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My #RSD13: Linkin Park’s Hybrid Theory

With their debut album, Hybrid Theory, re-released for this year’s Record Store Day, Liz Ward took a look at the pre-adolescent musical zeitgeist formed by Linkin Park at the start of the 21st century. Here, she details how though the band and herself have taken greatly differing musical trajectories in recent years, they’ll always hold a special place in her heart.

The year is 2000 and I’m eight years old. An eight-year-old child with five guitar-wielding, tattoo-sporting heroes: Linkin Park. While my contemporaries were avid fans of Spice Girls, Blue and S Club 7, I would spend my weekends screaming into the mirror re-enacting classics such as ‘Papercut’ and ‘In the End’. Hybrid Theory, was a record that changed my young, impressionable view on life, and probably the lives of many around me, too.  Now, on the 20th of April, it’s being granted a re-release, in honour of Record Store Day – now in its sixth year of celebrations; a day in which we recognise our resilient record stores, those last bastions of true music appreciation. Dubplate dungeons nationwide will be brimming with both new releases and tantalising reissues and I am very happy to say that Hybrid Theory will be amongst them.

Hybrid Theory was Linkin Park’s debut album and it was a huge success. Selling over 10 million units in the US alone, it was a seminal record that began to immerse the polarised worlds of rock and hip-hop. It was a unique mesh of choruses led by spiky-haired, facially-pierced, scream-king Chester Bennington and verses bountiful in Mike Shinoda’s characteristic rapping. Similarly, great contrasts were cultivated by enigmatic DJ ‘Mr. Hahn’ between shredded distorted guitars and live-mixed samples.

It was a record that broke down boundaries; presenting the world with a new genre in the form of rap metal. Simultaneously seminal, powerful and affecting, the lyrical content of the album touched upon the trials and tribulations of Bennington’s teenage life – depression, drug experimentation and violence. In doing so it provided an outlet for teens all over the world to cathartically expel their inner-demons and insecurities by simply pressing play on their Walkman, living vicariously through those five angry young men. As such, they became my heroes – I had a Linkin Park hoody, poster, even a calendar (to my delight Bennington was Mr. March – my birthday month).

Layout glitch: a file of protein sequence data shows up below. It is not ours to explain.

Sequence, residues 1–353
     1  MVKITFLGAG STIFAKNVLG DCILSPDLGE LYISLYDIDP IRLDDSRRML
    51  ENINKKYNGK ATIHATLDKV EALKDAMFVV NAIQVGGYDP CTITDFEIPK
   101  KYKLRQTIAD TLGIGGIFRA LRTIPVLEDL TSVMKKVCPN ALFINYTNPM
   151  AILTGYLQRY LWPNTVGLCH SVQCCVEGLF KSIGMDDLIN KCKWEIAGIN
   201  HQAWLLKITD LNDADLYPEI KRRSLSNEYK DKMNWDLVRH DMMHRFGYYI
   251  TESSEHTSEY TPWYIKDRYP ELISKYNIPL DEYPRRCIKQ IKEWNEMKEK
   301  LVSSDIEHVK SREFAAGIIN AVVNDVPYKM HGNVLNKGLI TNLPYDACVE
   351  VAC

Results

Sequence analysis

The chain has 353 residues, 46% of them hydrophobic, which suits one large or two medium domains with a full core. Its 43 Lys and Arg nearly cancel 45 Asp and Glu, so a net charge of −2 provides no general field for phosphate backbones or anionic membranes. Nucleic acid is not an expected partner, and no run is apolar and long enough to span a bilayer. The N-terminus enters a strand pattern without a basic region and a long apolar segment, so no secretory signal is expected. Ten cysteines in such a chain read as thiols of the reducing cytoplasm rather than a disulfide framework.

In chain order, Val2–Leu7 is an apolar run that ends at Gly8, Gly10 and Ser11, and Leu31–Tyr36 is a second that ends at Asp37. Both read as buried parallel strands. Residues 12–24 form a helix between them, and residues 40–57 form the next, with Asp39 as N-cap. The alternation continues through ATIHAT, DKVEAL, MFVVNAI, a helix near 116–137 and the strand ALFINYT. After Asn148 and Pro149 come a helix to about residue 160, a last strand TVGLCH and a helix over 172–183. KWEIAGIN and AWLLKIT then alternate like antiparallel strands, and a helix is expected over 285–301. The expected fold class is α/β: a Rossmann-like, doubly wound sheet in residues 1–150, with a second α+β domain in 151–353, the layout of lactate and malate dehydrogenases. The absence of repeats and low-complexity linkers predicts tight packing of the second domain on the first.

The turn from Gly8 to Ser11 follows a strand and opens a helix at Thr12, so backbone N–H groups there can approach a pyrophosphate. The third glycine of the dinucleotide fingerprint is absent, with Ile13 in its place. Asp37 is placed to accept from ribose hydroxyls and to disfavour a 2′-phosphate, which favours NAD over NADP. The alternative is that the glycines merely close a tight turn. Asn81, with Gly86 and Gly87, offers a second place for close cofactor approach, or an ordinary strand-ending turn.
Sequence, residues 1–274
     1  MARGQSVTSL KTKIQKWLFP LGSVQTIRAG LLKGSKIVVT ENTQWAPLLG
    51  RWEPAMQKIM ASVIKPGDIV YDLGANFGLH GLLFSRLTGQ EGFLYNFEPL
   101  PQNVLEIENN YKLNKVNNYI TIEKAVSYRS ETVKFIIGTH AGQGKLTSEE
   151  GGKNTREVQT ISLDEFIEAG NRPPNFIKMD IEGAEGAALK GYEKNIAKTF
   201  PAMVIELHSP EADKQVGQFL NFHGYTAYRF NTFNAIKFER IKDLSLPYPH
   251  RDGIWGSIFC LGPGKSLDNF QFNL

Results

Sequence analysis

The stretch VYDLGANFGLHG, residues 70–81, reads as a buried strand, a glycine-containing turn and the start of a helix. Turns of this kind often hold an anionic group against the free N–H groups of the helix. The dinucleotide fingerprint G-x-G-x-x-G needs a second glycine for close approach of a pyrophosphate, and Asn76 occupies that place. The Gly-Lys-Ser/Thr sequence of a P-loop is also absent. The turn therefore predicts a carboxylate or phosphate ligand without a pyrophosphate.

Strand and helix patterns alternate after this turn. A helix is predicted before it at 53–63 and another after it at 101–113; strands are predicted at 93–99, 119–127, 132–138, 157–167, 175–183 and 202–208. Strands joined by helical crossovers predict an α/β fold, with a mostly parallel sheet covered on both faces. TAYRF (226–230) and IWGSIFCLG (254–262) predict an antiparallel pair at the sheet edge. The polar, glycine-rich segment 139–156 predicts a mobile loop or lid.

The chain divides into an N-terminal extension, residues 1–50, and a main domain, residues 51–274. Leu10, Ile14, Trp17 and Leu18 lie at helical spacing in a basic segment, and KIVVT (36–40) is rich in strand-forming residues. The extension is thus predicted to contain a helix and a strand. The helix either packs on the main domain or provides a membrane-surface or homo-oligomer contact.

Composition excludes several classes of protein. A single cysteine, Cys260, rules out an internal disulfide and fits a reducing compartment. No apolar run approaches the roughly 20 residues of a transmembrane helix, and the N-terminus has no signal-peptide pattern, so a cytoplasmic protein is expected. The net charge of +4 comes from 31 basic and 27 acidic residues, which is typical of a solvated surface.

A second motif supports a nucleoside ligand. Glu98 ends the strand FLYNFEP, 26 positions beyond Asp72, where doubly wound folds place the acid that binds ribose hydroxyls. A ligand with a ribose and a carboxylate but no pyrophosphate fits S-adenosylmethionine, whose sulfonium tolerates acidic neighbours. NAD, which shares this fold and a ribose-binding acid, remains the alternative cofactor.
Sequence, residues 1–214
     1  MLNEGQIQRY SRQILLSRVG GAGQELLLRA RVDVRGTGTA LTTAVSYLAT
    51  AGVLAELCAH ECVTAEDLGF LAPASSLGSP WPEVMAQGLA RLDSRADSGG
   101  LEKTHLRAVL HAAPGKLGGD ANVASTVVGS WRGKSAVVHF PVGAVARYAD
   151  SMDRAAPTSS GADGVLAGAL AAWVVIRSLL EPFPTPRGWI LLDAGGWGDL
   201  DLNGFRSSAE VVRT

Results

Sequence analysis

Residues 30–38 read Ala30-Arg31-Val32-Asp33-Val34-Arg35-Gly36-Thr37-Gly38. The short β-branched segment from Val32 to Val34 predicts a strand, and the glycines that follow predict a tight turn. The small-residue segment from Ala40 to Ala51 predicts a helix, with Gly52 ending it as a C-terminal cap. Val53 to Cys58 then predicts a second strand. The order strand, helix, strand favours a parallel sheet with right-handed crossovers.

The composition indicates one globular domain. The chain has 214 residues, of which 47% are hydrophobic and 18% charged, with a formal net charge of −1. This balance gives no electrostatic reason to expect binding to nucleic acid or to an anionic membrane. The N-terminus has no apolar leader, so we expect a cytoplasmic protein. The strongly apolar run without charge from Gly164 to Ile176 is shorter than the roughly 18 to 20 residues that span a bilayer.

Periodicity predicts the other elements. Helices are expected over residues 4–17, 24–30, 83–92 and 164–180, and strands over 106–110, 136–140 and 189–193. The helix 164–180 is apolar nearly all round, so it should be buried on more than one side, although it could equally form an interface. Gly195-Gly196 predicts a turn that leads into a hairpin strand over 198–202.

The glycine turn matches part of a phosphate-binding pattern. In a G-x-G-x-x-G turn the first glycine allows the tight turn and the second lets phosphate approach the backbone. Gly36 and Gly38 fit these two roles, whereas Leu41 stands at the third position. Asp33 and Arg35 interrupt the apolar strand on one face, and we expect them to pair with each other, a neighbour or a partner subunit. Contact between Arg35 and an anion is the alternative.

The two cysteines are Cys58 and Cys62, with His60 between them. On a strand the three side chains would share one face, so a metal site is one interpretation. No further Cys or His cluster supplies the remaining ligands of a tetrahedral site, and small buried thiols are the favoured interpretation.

Hybrid Theory provided a voice for the silent; an outlet for the trapped and, as such, it seems perfect that it is being recognised by Record Store Day – a day that celebrates the independence that music evokes. Having such an important record honoured, and brought to a new generation, is inspired. The idea that a new wave of 8 year-olds are poised to tread through the corridors of Hybrid Theory is exciting (and maybe a bit scary for the parents involved!).

As the years progressed so did my music tastes, and after Meteora – a brilliantly executed second album – was released in 2003, my love affair with Linkin Park ended abruptly. I began to sink into the world of hip-hop, craving the musicality and playfulness of artists like Mos Def and J Dilla after spending my formative years thrashing my brain with the Linkin lot. Similarly, Linkin Park began to mellow out a little in their later years – Minutes to Midnight, released in 2007, was radio-ready and parent-pleasing, it contented me to see my boys become so successful, but they no longer satisfied my inner hell-raiser.

Those emotions that I learnt to feel and harness (at the wee age of 8), whilst listening to Hybrid Theory, have stayed with me forever. When I began to hit my teens and doused myself in dubstep, the intensity I felt during a Skream and Benga set evoked memories of the build-up in tracks such as ‘Place for My Head’. Similarly songs like ‘By Myself’ prepared me for age 17 when I threw my body around in an unnecessarily violently manner to tracks like ‘Hard’ by Breakage. Hybrid Theory allowed me to appreciate difficult music. For an eight-year-old, rap metal wasn’t exactly ‘accessible’. It wasn’t easy for me to initially process, but something about it was intriguing, addictive almost. It pulled me out my comfort zone of Aqua and Steps, and thrust me convincingly into the dark side – and I’ve not looked back since.

Now it’s 2013 and my days of screaming into the mirror are thankfully behind me. These days you’re more likely to find me talking techno than teen angst. And Linkin Park themselves aren’t as cutting edge as they once were. Living Things, released in 2012, which you can probably still find in an ill-fated HMV bargain bin, was a bit odd – like Skrillex, but made by middle aged Dads. They’re still around, a bit; they still play live, a bit; Chester Bennington still screams, a bit. That doesn’t matter, though. What matters is what they began as, what they set out as, and what they gave to many music lovers of my age in their formative years. So, for this reason, on the 20th of April 2013, have a little listen to Hybrid Theory and let that independent, angry eight-year-old have one last scream in the mirror. I know I will.

- Liz Ward

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